So far in this nomination period every member of council who supported Mayor Farbridge, has declared their candidacy, plus two former Farbridge councillors. As a public service, here are their names: Karen Farbridge; W2 – Ian Findlay; W3 – Maggie Laidlaw and June Hoffland; W4 – Mike Salisbury; W5 – Leanne Piper, Lise Burcher, Cathy Downer; W6 – Todd Dennis and Karl Wettstein.

There is only one-way citizens can protect themselves against these uncaring and arrogant politicians and that’s to defeat them October 27.

GRG is dedicated to informing voters of how their city and treasure have been abused by these councillors. Also, to encourage candidates for council who are motivated to return our city to fiscal responsibility, common sense and restoration of the public trust.

The 2014 election will either result in more of the same from the Farbridge administration or an election of a majority of council who will bring fresh ideas, energy and business to the city. Mostly, they will restore the public trust that has been sneered at by those in the administration. Overseers who feel they are entitled to treat the citizens as pawns in their grandiose schemes to change our city.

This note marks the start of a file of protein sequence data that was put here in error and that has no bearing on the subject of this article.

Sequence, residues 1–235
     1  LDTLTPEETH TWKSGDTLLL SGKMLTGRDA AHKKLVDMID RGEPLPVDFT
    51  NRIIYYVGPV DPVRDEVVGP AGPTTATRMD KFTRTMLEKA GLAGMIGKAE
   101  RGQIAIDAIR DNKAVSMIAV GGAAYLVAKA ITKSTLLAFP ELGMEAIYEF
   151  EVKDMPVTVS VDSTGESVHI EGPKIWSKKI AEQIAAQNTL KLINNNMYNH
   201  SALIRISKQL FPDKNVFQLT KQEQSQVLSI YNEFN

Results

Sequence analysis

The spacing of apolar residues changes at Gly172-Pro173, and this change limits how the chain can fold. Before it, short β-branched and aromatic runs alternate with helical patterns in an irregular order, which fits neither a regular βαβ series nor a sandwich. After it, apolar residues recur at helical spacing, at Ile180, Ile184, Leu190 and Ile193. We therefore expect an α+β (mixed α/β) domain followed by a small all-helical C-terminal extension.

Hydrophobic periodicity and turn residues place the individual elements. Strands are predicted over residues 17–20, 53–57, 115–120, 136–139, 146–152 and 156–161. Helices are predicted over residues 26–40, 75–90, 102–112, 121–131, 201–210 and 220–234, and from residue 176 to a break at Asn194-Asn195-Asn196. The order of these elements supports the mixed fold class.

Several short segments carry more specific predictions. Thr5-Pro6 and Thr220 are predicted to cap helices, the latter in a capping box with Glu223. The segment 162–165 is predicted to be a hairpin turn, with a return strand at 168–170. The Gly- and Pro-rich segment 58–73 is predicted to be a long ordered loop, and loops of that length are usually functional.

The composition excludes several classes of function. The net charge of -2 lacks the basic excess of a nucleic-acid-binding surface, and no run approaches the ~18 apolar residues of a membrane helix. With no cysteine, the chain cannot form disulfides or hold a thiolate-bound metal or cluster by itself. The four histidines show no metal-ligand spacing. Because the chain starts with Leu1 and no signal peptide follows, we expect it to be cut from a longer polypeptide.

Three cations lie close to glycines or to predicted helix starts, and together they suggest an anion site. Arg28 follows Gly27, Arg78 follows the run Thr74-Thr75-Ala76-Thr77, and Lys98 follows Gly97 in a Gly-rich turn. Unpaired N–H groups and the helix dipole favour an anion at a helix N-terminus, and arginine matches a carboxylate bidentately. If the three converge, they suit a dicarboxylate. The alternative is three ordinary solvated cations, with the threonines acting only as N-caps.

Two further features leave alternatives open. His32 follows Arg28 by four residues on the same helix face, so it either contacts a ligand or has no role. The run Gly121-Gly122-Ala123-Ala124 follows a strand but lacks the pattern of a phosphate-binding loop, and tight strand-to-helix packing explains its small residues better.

Step one is to hire an Auditor General for Guelph to level the playing field.

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Liz Sandals, tell us it’s not true

Posted June 19, 2012

I was sent an email the other day about a Toronto doctor saying the McGuinty budget includes a dangerous provision. It is one that forces anyone 75 and older to submit to Ontario Hospital Insurance Plan (OHIP) “public ethics committees” before being treated.

If true, “da preem” can start planning his retirement.

appears ludicrous that our aging population would be forced to submit to some nameless committee that meets twice a week in order to receive OHIP benefits. Imagine a senior whose physician has ordered a series of tests, presenting his or her medical treatment requirement to a group of stony-faced bureaucrats.

The stress alone would shorten their life span.

But wait? Supposing this report is untrue. Supposing the doctor, who claims it to be true, is an agent provocateur of the Ontario Medical Association (OMA).  You will recall there is a pitched battle going on between the Provincial Health Ministry and the doctors.